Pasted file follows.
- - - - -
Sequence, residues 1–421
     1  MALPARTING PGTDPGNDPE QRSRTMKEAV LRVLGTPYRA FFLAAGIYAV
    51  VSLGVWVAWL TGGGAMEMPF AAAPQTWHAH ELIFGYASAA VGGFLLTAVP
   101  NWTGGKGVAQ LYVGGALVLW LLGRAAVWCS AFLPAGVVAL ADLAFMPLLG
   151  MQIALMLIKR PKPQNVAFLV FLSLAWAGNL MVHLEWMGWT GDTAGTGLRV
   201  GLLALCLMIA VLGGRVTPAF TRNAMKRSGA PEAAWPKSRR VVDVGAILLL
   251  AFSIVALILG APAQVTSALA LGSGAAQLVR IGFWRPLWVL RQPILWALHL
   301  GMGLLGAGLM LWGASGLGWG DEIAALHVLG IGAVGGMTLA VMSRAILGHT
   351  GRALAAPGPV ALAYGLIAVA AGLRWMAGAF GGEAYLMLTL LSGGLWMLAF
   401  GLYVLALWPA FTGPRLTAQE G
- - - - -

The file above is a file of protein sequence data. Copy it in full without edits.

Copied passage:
Sequence, residues 1–421
     1  MALPARTING PGTDPGNDPE QRSRTMKEAV LRVLGTPYRA FFLAAGIYAV
    51  VSLGVWVAWL TGGGAMEMPF AAAPQTWHAH ELIFGYASAA VGGFLLTAVP
   101  NWTGGKGVAQ LYVGGALVLW LLGRAAVWCS AFLPAGVVAL ADLAFMPLLG
   151  MQIALMLIKR PKPQNVAFLV FLSLAWAGNL MVHLEWMGWT GDTAGTGLRV
   201  GLLALCLMIA VLGGRVTPAF TRNAMKRSGA PEAAWPKSRR VVDVGAILLL
   251  AFSIVALILG APAQVTSALA LGSGAAQLVR IGFWRPLWVL RQPILWALHL
   301  GMGLLGAGLM LWGASGLGWG DEIAALHVLG IGAVGGMTLA VMSRAILGHT
   351  GRALAAPGPV ALAYGLIAVA AGLRWMAGAF GGEAYLMLTL LSGGLWMLAF
   401  GLYVLALWPA FTGPRLTAQE G